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The Seattle-based artist Gregory Blackstock’s career in ‘world famous artistry’, as he puts it, was a most welcome development, even as it came quite late in life. Living as an autistic person before the condition was widely understood, Blackstock had difficulty in school, where he was subject to corporal punishment, and he spent much of his adult life on the edge of poverty, working a menial, low-paying job. However, when Blackstock’s cousin Dorothy Frisch sent some of the hundreds of drawings he had crafted for his own enjoyment – often depictions of variations on a single item of interest, including vegetables, animals and household objects – to a gallery, she helped him forge a way to make a living from the unique talents that, for decades, he had kept mostly to himself. Directed by the Seattle animator and filmmaker Drew Christie, The Great World of Gregory Blackstock borrows from its subject’s distinctive drawing style to bring his story to animated life. In doing so, Christie also touches on the complexities of art commodification, especially as it pertains to ‘outsider’ artists, as well as which varieties of intelligence society tends to reward, and which it tends to overlook.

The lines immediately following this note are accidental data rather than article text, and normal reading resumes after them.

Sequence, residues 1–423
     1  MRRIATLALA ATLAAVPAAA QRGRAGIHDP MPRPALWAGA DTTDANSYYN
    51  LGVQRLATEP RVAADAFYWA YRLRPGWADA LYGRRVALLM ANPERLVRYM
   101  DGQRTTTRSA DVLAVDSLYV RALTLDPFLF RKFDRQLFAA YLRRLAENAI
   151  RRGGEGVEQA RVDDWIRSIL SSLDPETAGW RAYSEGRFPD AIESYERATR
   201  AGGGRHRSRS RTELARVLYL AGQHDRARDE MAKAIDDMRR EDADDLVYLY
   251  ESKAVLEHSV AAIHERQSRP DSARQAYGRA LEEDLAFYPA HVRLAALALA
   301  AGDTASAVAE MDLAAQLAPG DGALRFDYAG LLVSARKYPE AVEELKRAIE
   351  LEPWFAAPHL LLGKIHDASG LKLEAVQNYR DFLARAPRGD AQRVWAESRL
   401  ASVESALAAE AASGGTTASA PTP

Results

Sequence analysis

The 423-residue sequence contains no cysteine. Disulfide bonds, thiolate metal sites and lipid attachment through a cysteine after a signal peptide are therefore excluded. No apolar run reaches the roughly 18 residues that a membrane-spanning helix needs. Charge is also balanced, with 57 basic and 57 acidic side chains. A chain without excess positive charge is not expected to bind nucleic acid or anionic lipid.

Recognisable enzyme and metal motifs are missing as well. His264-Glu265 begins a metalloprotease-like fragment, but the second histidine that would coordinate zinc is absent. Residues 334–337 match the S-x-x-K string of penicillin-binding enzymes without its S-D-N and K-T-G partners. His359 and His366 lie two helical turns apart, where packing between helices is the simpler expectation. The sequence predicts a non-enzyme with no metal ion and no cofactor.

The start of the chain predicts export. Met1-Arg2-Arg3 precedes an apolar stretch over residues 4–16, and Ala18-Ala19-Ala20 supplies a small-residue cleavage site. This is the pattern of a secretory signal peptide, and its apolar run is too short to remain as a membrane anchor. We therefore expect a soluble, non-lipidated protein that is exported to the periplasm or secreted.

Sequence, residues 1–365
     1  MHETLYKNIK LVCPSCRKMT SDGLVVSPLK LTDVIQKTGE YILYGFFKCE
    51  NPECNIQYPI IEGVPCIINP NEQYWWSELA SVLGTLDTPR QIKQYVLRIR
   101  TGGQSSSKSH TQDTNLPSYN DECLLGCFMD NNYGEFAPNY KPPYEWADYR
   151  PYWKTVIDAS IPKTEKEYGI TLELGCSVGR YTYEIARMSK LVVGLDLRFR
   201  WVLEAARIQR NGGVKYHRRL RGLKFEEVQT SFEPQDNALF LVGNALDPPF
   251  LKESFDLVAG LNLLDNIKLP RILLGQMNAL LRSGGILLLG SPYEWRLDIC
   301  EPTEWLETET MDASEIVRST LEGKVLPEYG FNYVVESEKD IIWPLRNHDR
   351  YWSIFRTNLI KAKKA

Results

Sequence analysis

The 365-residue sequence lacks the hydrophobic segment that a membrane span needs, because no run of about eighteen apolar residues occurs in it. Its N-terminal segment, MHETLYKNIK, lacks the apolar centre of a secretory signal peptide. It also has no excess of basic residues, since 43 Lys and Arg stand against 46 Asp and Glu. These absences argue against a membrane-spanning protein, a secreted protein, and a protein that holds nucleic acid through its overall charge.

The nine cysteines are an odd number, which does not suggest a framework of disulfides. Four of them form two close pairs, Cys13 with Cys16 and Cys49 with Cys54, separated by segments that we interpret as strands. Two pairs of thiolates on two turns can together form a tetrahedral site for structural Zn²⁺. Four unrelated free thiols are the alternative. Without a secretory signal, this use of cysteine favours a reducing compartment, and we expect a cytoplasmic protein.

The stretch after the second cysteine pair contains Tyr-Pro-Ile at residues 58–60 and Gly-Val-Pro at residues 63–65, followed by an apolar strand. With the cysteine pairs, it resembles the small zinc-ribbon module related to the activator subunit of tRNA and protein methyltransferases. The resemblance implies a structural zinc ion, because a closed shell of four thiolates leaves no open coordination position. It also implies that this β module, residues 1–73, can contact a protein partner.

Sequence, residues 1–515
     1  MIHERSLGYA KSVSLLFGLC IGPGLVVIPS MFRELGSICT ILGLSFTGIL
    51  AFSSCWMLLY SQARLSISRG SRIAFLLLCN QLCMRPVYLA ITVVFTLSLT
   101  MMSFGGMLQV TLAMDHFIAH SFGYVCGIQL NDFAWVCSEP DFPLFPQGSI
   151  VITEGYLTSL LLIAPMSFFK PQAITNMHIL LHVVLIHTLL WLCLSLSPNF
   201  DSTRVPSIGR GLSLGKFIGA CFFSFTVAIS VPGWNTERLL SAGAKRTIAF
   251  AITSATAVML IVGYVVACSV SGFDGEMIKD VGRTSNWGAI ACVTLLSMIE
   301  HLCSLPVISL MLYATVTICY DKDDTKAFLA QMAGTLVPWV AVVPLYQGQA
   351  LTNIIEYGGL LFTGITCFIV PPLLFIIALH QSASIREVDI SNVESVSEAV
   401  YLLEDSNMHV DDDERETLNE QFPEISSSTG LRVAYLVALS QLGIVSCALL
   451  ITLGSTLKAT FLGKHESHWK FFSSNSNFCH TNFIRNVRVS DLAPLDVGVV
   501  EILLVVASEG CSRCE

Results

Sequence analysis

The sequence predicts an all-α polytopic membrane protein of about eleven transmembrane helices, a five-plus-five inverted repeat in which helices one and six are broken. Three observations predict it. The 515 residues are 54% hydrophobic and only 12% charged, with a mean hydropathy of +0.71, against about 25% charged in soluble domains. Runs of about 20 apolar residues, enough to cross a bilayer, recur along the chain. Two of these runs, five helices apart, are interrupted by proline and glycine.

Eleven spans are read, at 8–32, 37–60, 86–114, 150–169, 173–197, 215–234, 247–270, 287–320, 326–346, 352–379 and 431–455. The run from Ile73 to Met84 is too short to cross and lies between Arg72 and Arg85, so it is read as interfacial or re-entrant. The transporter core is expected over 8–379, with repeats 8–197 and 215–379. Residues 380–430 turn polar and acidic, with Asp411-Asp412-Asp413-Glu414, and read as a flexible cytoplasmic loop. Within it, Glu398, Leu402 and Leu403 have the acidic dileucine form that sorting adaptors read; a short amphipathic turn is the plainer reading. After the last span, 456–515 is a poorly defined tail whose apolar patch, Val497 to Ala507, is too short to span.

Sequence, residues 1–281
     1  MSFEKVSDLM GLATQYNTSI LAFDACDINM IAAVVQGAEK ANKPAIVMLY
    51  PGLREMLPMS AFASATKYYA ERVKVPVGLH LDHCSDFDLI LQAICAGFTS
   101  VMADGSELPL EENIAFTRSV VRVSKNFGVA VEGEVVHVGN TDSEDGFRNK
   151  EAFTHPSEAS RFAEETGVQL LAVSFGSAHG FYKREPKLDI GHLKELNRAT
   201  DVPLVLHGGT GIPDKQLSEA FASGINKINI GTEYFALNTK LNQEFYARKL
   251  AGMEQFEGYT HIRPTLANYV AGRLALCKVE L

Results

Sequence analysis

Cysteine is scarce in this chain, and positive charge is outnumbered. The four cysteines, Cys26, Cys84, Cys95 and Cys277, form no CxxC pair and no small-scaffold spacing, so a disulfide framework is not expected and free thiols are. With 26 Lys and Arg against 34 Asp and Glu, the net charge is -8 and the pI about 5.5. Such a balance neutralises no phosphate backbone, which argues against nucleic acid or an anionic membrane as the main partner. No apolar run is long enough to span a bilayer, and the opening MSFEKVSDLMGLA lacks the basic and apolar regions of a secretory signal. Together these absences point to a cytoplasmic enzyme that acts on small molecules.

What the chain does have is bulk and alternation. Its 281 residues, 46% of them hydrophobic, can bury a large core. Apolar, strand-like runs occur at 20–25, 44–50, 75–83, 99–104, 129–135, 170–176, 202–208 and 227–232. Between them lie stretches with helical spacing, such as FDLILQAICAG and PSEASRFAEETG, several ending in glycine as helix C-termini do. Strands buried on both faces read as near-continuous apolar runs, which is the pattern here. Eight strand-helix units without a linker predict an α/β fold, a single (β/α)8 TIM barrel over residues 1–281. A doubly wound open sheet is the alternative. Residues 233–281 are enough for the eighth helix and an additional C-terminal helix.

Water, salt and music form a mesmerising visualisation of sound waves
Sex and sexuality
What does the Dutch model of comprehensive, ‘shame-free’ sex-ed look like?
Film and visual culture
A Palme d’Or-winning animation toys with the way our eyes perceive light
Nature and landscape
An afternoon with hobbyist diamond miners in Arkansas is a thing of rare beauty
What can a Kurosawa classic tell us about reality, knowledge and truth?
Witness the majesty of moths taking flight at 6,000 frames per second
Animals and humans
A bluesy ballad tells the story of Old Bet, the first circus elephant in the US
Meaning and the good life
To know or not to know? Lillian weighs the costs of a life-changing genetic test
Information and communication
There are many ways to make a flat map of the world – each of them a unique distortion